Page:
Earlier this year a joint cybersecurity advisory from U.S and allied cybersecurity authorities identified the top exploited vulnerabilities and exposures (CVEs) of 2021. We noted in a blog post about the advisory that out of the vulnerabilities on the list, 25% of them were identified in 2020 and earlier and continue to be routinely exploited.
This indicates poor patch management.
To make matters worse, according to new research by Google Project Zero, half of the zero-day vulnerabilities discovered in the first half of 2022 were a variant of an existing vulnerability – all of which had patches available.
Bad vulnerability management allows previously reported vulnerabilities to reappear as new.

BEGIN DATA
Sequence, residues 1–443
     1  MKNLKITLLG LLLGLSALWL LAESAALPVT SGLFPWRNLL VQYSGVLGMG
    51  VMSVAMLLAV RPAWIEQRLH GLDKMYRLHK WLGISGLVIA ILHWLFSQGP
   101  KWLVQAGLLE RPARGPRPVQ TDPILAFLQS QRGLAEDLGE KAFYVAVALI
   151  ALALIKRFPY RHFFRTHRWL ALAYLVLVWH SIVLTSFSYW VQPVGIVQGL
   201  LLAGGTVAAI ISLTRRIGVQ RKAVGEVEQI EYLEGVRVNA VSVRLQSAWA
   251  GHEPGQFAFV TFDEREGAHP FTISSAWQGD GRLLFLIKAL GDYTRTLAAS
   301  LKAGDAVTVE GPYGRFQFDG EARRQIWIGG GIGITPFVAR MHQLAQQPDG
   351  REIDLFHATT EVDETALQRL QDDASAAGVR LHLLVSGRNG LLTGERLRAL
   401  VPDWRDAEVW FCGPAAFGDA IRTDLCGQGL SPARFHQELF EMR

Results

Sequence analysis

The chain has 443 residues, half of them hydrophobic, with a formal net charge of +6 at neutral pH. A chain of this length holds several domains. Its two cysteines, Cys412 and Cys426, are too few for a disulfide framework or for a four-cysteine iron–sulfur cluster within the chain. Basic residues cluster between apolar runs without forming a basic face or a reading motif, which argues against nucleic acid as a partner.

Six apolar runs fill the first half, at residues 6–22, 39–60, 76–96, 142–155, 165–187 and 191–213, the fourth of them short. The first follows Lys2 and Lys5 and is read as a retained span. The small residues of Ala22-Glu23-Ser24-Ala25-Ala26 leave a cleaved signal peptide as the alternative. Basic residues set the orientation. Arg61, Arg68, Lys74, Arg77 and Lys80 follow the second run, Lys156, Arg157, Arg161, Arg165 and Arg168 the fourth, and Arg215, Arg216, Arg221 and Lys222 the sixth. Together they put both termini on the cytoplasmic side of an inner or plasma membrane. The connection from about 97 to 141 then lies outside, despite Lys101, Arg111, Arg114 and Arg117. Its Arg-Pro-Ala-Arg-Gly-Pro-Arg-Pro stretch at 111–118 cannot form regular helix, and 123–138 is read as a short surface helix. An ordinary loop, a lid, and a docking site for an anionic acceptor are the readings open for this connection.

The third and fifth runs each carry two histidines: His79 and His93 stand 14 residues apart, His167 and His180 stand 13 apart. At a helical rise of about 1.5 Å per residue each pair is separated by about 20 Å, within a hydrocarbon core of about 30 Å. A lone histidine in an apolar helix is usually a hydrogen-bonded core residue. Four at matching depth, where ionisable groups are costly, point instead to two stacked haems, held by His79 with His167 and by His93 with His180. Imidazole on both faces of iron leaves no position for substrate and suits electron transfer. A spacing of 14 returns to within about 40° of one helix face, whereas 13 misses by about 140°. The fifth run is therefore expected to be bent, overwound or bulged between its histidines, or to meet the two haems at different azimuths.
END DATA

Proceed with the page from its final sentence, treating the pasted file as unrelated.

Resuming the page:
“Many of the 2022 in-the-wild 0-days are due to the previous vulnerability not being fully patched,” wrote Google Project Zero’s security researcher, Maddie Stone. “In the case of the Windows win32k and the Chromium property access interceptor bugs, the execution flow that the proof-of-concept exploits took were patched, but the root cause issue was not addressed: attackers were able to come back and trigger the original vulnerability through a different path.”
Investing in vulnerability management is imperative for organizations to minimize the risk from vulnerabilities. Here are a few things that security teams should do.